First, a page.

Thursday, December 23, 2010
Thursday, December 16, 2010
Wednesday, December 15, 2010
Thursday, December 2, 2010
Saturday, November 27, 2010
Twelve Angels was created in the spacecraft studio by Stewart Russell.
recollections on the origins of the idea:
It was a sunday, I was rearranging a bookcase when I came across an old
sketchbook... full of ideas for artworks, diagrams and descriptions. It was
from a long time ago, probably only a year or two out of art college. Some of
the projects had been realised, but I stopped at an idea I’d almost completely
forgotten. There were about six pages of notes and sketches of Angels, I
was trying to link an essay by Walter Benjamin, I guess 1940’s, and the Wim
Wenders movie, Wings of Desire which would’ve been early 80’s. On the last
page I’d scribbled down a line on Walter Benjamin’s critique of a Paul Klee
“ the angel of history - being drawn inexorably into the future by progress, but
travelling forward into the future looking backwards - facing our history”.
Then Grace and Flora came back and I realised the bookcase would have to
wait for another day - so I grabbed the camera and we went in search of Angels.
The process of recreating a photograph as a screen print is underpinned by creating a
halftone film from a continuous tone photograph. From that point, once the image is on
screen you can begin to explore the possibilities.
One evening, after a long session of testing print qualities, we were looking at a wall of
prints and discussing how to proceed. Then an idea emerged, pehaps we could show
the range of processes. So rather than making a decision on a single approach I decided
to make twelve Angels, created individually using sections of the studio backing cloth,
elaborately layered botanical imagery, masks, stencils, transparent and semi opaque
washes or simply priming fabric highlighting the qualities of the photograph.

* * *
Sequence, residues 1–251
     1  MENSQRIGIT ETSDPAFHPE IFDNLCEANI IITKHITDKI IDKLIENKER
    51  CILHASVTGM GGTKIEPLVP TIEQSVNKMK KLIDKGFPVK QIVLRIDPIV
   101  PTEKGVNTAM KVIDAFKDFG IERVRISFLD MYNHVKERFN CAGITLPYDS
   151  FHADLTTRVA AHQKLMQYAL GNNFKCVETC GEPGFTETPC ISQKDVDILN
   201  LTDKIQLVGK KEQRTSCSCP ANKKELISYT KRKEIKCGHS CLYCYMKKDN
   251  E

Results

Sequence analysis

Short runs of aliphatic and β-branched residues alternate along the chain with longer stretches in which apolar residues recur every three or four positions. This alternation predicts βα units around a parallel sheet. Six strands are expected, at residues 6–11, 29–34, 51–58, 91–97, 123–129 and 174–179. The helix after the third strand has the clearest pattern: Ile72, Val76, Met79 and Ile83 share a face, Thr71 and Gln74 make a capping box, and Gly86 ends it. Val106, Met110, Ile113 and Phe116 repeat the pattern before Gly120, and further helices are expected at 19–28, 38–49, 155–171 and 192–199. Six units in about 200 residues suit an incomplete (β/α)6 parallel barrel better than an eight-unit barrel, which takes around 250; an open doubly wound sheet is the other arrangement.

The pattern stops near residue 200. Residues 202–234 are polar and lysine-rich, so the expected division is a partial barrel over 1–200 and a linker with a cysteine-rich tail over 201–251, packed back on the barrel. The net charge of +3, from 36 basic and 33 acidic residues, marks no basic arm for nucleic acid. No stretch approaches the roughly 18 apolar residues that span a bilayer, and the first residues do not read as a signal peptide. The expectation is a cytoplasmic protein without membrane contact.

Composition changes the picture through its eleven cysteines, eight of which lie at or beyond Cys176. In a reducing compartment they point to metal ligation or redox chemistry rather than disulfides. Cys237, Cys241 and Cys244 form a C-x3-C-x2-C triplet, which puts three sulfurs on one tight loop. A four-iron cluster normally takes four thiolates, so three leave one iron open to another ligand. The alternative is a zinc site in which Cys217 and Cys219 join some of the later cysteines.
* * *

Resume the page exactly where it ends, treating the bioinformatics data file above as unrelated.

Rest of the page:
Thanks to the spacecraft team that worked on this project, Clara Gladstone, Marina Breit
and Danielle Smyth.
Twelve Angels NOW IN STORES
spacecraft studio - new work
contact studio to discuss / view (03) 9329 4129
Monday, November 8, 2010
Saturday, October 23, 2010
Friday, October 15, 2010
Thursday, October 14, 2010
Thursday, October 7, 2010
This Artplay 3D set is a freeform model-making kit that gives the owner title to realise imagined city masterplans, cathedrals, low cost housing schemes, modernist residences, shopping centres, power stations, tree houses …
Artplay 3D is made by hand screen printing 1960’s & 1970’s photographs of Melbourne architecture onto wooden blocks fashioned from timbers salvaged from heritage buildings.
There’s a sense of familiarity working with these wooden blocks and images, they trigger memories, perhaps from childhood or a film, or even a constructed image from a story.
The photographs include architectural details from a range of genres and architectural styles, however the photographs were taken between 1964 to 1974 : Victorian Parliament, Mercy Hospital, Exhibition Building, tram commuters…
The wood comes replete with the tell tale signs of a previous life, a length of tongue and groove floor, a section of a 1950’s door, a keyhole… All the pieces in this set have a legacy both in their materials and their form.
The dark, fine grain beams were saved from the Botany Bay Wool Store, selected from rambled mix of original cut Australian timber, milled in 1846. The multiple species used proves a patchy early knowledge of the various timber qualities. The Wool Store was demolished in Nov 2009. Those original cuts live on in this set.
Another story of natural heritage is found in the exceptionally light 1950’s redwood door sections made from old growth Red Cedar from British Colombia, part of the giant arborvitae ‘tree of life’ group. Looking at the grain of this wood it’s possible to realise the scale and age of this species, 6m around and 80m high, living up to 1500 years and now found in this first edition of Artplay 3D.
* * * *
Saturday, October 2, 2010
- ▼ December (5)
- ► October (5)